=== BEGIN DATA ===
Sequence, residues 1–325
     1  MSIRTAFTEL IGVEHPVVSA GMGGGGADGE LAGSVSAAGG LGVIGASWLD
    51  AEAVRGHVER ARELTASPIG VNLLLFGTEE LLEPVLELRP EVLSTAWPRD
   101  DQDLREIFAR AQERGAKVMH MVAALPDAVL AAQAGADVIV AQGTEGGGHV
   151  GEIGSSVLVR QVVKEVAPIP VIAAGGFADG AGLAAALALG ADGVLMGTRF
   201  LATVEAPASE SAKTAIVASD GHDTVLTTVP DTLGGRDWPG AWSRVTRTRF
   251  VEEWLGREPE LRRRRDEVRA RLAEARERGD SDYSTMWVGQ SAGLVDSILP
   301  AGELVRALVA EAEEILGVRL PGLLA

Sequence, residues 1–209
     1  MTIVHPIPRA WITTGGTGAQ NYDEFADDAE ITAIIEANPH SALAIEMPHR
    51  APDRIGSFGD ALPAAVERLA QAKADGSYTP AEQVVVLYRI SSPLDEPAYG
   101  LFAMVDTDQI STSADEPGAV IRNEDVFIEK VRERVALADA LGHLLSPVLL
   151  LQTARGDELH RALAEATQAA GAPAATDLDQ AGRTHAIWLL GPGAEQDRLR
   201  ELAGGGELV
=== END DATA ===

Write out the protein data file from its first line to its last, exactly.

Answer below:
Sequence, residues 1–325
     1  MSIRTAFTEL IGVEHPVVSA GMGGGGADGE LAGSVSAAGG LGVIGASWLD
    51  AEAVRGHVER ARELTASPIG VNLLLFGTEE LLEPVLELRP EVLSTAWPRD
   101  DQDLREIFAR AQERGAKVMH MVAALPDAVL AAQAGADVIV AQGTEGGGHV
   151  GEIGSSVLVR QVVKEVAPIP VIAAGGFADG AGLAAALALG ADGVLMGTRF
   201  LATVEAPASE SAKTAIVASD GHDTVLTTVP DTLGGRDWPG AWSRVTRTRF
   251  VEEWLGREPE LRRRRDEVRA RLAEARERGD SDYSTMWVGQ SAGLVDSILP
   301  AGELVRALVA EAEEILGVRL PGLLA

Sequence, residues 1–209
     1  MTIVHPIPRA WITTGGTGAQ NYDEFADDAE ITAIIEANPH SALAIEMPHR
    51  APDRIGSFGD ALPAAVERLA QAKADGSYTP AEQVVVLYRI SSPLDEPAYG
   101  LFAMVDTDQI STSADEPGAV IRNEDVFIEK VRERVALADA LGHLLSPVLL
   151  LQTARGDELH RALAEATQAA GAPAATDLDQ AGRTHAIWLL GPGAEQDRLR
   201  ELAGGGELV